'Crowd Control,' part 9: The shot heard around the multiverse

In this installment of CNET's groundbreaking crowdsourced sci-fi novel, a spy from a parallel universe co-opts a convenient body and then derails a talk show appearance to foment an uprising in our world.

This is "Crowd Control: Heaven Makes a Killing," CNET's crowdsourced science fiction novel written and edited by readers around the world. New to the story? Click here to start. To read other past installments, visit our table of contents.

Chapter 7, continued

Excerpted from "Meta: The Life of a Diplomat."

Boston, Massachusetts, Earth-EB-2 April 19, 2051

Cindy's father had arranged for Josephina's appearance on Marker Stacy's talk show "Like Lightning." The producers felt it best to fit her in before an appearance by still-teen pop sensation Zed-17 for an episode with the theme of nanobiotics and other technologies for the masses.

Cindy sat in an audience full of reporters and a few religious activists the producers had allowed in for the appearance of balance in the face of growing tensions between Transhumanist party supporters and opponents of all different stripes. Besides those who objected on religious grounds to the transhumanist movement, there were also a growing number suspicious of the party's motives after recent revelations about the Kurzweil Machine.

The audience was glowing all sorts of fiery shades that only Cindy could see. Her father's auras had been shifting since she and her mother had returned to the Washington -- he seemed to be projecting a bubbly elation, but Cindy could see it was clearly masking a deeper sadness or anxiety, or perhaps, just...doubt? Cindy couldn't be sure but something seemed off with him, while her mother had no glow around her at all. This was not completely unheard of, as her mother tended to be the more level-headed and calm parent, but it was odd that Cindy had not been able to get a read on her mother at all since she had returned. She assumed it had something to do with her mom being weak and still recovering from her unprecedented journey.

The studio lights were hot and harsh and the tension in the studio was heavy. After what seemed like an eternity of adjusting lights and makeup, music played and Marker Stacy welcomed the audience in the studio and on the other side of the large transmitting screens before introducing Cindy's parents.

marker-stacy.jpg
Eric Mack/CNET


"So, Dr. Parker and Dr. Parker, you're here to tell us about a new breakthrough you've been able to make and we're very excited to have you announce it here first exclusively, because I understand it could completely change the way we view the universe?"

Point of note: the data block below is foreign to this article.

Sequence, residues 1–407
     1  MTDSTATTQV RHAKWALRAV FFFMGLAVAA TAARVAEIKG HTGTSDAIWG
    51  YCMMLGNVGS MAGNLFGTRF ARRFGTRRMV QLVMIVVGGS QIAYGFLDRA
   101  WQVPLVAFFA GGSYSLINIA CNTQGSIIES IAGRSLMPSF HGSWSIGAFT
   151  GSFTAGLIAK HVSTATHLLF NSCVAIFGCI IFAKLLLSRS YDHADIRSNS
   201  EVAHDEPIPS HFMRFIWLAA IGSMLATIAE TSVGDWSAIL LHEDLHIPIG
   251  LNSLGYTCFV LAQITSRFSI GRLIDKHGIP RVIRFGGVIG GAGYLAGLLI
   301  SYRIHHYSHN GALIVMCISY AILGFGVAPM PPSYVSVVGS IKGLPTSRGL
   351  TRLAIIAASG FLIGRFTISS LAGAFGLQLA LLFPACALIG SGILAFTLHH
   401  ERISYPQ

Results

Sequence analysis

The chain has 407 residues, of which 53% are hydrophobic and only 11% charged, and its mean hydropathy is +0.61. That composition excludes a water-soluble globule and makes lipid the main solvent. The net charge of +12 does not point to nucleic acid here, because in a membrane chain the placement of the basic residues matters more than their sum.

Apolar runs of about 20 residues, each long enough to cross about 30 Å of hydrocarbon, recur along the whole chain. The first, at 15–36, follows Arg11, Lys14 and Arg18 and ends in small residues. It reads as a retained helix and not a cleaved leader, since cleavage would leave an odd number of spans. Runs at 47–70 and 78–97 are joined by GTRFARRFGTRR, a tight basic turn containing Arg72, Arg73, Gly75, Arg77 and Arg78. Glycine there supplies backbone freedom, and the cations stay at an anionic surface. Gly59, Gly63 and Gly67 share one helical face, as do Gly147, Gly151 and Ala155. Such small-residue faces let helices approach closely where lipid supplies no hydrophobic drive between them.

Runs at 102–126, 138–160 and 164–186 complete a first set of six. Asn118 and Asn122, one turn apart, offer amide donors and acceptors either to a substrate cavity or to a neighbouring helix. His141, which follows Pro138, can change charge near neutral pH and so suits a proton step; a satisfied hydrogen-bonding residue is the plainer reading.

"Yes, thank you, Marker," Cindy's father jumped at the question, nervously. "It's not just the universe we're talking about here, but the multiverse, actually."

The host leaned forward to interrupt.

"That's the hypothesis that there are multiple universes, like what our grandparents might have called alternate realities or parallel dimensions, right?"

"That's right, although today I believe we're able to say confidently for the first time that this is not just an educated guess anymore. We have evidence that the multiverse is real, because we've been able to send information across the universal divide and have it return to us."

"I'm not quite sure I understand, Dr. Parker. Perhaps your wife can shed some light on this. What type of information are we talking about? And how can you be so sure this data that you're talking about had actually visited another universe?"

Cindy noticed that her mother was finally beginning to glow, but the colors were blending together and difficult to read.

"Well," Josephina paused and a mischievous smile arched its way across her face. She seemed to be soaking up the silence, bathing in the anticipation. "Because that data we're talking about was me."

"You? I, I'm sorry. I don't understand. You mean..."

"My consciousness, Marker. My soul. I went to the other side and I came back."

Cindy leaned forward from her front-row seat. This was not something she had overheard her father talking about the night before as he insisted he and her mother rehearse every possible response to every question they might receive on the show.

"I think what my wife is trying to say here is that information at the particle level is capable of..." Alex seemed as though he was desperate to regain control of the direction of the conversation.

"Wait, I'm sorry, Dr. Parker, I want to follow up with what your wife is saying here."

Whispers and rumblings were starting in the audience. Marker's fans were not exactly the most scientifically sophisticated group interested in particle-level data transfer, even Cindy was aware of this much.

"What I'm talking about Marker, is Paradise, Heaven, Tian, the land of the white light..."

"I think we're getting confused here," Alex cut in again, this time with a nervous laugh.

"No, I'm sorry. But there's no confusion here, and I'm not interested in doing what I'm told anymore...in doing what the Transhumanist Party thinks we should all do. After what I've seen and where I've been, I answer to a higher power now. Despite what the party may think, there is such a thing."


A cheer went up from the back of the crowd where some of the activists opposing the Transhumanist government were sitting. The whispers and rumbles and shouts and jeers started to drown out all other sound and Cindy began to get nervous, but her eyes remained drawn to her mother at the center of the stage.